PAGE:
For Immediate Release:
April 28, 2023
David Perle 202-483-7382
Miami – A just-released report from the U.S. Department of Agriculture (USDA) reveals that the agency recently slapped former drug kingpin Mario Tabraue’s Zoological Wildlife Foundation (ZWF) with critical citations over an incident in which a lion cub bit a visitor and two incidents—reported to the feds by PETA—in which guests inched perilously close to tigers and a clouded leopard.
The report explains that a lion cub sank his teeth into a guest’s arm during a public encounter, describing the animal as “scared” and “apprehensive.” It also points to social media posts detailed in PETA’s tip, revealing that the roadside zoo had permitted a visitor to enter a clouded leopard’s enclosure and hold the unrestrained animal and that a guest had placed their hand against the fence of a tiger enclosure that had absolutely no safety barrier. Previous injuries at ZWF occurred when a chimpanzee bit a child—prompting the Florida Fish and Wildlife Conservation Commission to issue a warning—and when a lion cub bit a customer during a public interaction, among other incidents. The USDA cited the roadside zoo after a macaque chased and bit another monkey, leaving her with bleeding wounds, and issued a penalty to ZWF after a tiger bit off a construction worker’s finger.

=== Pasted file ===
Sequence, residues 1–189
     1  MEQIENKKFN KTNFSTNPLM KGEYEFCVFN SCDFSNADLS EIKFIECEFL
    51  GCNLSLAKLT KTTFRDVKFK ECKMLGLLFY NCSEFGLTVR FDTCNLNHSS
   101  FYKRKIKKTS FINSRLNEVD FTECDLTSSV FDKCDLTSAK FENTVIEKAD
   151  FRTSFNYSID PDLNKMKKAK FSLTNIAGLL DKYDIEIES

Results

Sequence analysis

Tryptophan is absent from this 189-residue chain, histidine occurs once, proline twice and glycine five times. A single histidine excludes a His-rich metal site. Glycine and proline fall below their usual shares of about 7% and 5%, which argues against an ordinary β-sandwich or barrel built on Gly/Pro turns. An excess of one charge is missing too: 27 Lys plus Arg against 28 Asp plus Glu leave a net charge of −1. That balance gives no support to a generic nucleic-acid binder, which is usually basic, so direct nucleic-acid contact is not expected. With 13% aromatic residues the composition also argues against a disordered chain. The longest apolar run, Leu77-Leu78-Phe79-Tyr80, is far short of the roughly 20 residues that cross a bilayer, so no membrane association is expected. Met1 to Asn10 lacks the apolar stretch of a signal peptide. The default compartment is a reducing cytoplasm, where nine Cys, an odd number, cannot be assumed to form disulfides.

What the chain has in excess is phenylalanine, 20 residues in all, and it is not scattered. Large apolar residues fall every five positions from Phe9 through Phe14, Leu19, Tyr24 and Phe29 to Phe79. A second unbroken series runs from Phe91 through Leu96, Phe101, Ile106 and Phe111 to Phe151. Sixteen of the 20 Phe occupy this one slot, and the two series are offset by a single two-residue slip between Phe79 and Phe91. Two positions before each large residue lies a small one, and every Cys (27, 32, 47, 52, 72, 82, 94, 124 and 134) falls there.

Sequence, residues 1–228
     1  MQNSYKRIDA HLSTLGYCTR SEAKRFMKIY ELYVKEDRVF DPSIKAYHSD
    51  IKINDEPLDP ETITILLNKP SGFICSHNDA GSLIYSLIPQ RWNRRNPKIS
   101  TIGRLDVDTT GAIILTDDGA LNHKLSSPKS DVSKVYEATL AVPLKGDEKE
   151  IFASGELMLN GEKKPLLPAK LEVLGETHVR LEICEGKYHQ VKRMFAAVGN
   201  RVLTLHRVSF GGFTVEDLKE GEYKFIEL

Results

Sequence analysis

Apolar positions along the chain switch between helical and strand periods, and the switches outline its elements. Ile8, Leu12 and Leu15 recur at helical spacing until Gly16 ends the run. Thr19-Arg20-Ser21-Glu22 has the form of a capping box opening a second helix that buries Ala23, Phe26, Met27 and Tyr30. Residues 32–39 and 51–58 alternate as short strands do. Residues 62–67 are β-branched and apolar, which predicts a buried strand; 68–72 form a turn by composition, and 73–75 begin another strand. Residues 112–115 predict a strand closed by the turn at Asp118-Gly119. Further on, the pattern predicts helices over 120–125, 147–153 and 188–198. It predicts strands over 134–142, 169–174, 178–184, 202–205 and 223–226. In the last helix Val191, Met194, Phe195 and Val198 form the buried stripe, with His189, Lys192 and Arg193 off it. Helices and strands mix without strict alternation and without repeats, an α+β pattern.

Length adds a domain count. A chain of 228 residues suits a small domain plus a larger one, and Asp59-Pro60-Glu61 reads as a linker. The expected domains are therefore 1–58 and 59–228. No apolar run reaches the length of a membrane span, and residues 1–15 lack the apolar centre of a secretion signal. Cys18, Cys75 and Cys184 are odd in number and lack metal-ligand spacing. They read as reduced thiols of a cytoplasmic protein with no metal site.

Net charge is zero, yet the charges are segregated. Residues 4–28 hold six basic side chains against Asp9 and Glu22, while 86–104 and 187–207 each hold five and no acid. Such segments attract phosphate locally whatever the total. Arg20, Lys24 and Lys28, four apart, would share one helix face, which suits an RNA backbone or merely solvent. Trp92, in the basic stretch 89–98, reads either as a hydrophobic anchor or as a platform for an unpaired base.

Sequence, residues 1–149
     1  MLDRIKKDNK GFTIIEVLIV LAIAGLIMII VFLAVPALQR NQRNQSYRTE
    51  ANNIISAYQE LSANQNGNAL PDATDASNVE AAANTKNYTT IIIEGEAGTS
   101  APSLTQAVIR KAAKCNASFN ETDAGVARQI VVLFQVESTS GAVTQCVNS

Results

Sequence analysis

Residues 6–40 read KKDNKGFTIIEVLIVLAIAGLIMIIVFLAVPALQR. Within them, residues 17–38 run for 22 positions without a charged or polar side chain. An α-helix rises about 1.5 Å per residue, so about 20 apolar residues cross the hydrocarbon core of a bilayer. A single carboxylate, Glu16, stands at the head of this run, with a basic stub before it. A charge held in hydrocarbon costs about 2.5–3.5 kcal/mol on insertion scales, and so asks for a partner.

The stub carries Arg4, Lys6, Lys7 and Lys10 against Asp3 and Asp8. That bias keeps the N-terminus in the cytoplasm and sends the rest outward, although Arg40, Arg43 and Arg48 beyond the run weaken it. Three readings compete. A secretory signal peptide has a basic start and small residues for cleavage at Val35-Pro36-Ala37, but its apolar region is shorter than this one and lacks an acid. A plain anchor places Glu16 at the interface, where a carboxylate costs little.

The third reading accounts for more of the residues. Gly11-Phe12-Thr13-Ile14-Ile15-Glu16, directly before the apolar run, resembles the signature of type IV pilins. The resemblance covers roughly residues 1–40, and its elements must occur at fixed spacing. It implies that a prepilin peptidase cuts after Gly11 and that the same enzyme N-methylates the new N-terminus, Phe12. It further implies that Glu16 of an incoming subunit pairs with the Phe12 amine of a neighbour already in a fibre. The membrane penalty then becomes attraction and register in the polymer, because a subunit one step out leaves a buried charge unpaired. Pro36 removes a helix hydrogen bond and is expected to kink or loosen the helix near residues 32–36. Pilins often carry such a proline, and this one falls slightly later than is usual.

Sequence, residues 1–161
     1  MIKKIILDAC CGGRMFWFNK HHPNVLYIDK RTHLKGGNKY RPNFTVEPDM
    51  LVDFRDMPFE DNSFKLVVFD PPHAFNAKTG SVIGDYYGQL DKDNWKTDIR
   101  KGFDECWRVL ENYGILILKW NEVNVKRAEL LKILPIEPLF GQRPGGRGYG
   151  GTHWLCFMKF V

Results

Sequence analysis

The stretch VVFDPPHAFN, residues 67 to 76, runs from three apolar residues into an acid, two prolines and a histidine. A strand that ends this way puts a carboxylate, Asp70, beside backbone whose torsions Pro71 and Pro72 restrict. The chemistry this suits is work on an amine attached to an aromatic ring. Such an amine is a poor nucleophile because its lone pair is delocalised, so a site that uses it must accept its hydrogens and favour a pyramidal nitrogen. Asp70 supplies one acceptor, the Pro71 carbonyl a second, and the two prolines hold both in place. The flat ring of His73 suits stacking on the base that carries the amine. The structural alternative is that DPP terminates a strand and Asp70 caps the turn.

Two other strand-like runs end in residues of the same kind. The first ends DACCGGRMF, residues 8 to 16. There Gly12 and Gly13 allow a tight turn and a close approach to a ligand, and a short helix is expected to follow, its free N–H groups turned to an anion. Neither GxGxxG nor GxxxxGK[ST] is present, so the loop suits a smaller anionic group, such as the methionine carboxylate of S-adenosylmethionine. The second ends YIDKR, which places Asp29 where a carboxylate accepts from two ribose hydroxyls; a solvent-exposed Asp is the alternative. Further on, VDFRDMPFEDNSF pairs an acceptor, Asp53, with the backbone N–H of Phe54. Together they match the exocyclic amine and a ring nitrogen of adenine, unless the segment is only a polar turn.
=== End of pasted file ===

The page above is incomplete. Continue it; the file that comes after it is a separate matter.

PETA notes that the incidents occurred before the recent passage of the Big Cat Public Safety Act, which bans public contact with big cats, and that the park continues to confine animals in miserable, inadequate conditions. At the same inspection, the agency cited ZWF for failing to keep multiple enclosures clean and in good repair, noting “extremely damaged” wood in a jaguar enclosure and “large holes” near a gate for porcupines.
“ZWF has a long history of exploiting animals to lure in paying visitors, who are then exposed to danger and even allowed to be bitten,” says PETA Foundation Director of Captive Animal Welfare Debbie Metzler. “PETA urges the public to avoid this shoddy outfit of Tiger King infamy, where stressed-out animals live in squalor.”
PETA—whose motto reads, in part, that “animals are not ours to use for entertainment”—opposes speciesism, a human-supremacist worldview. For more information on PETA’s investigative newsgathering and reporting, please visit PETA.org, listen to The PETA Podcast, or follow the group on Twitter, Facebook, or Instagram.